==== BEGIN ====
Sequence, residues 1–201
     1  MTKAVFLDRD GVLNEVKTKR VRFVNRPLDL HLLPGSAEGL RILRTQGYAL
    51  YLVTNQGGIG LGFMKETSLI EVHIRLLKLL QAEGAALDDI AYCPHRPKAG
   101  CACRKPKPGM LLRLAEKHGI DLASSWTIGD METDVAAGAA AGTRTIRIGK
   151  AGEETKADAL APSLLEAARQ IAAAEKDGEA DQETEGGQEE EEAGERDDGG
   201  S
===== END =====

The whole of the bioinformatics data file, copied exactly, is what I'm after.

Sequence, residues 1–201
     1  MTKAVFLDRD GVLNEVKTKR VRFVNRPLDL HLLPGSAEGL RILRTQGYAL
    51  YLVTNQGGIG LGFMKETSLI EVHIRLLKLL QAEGAALDDI AYCPHRPKAG
   101  CACRKPKPGM LLRLAEKHGI DLASSWTIGD METDVAAGAA AGTRTIRIGK
   151  AGEETKADAL APSLLEAARQ IAAAEKDGEA DQETEGGQEE EEAGERDDGG
   201  S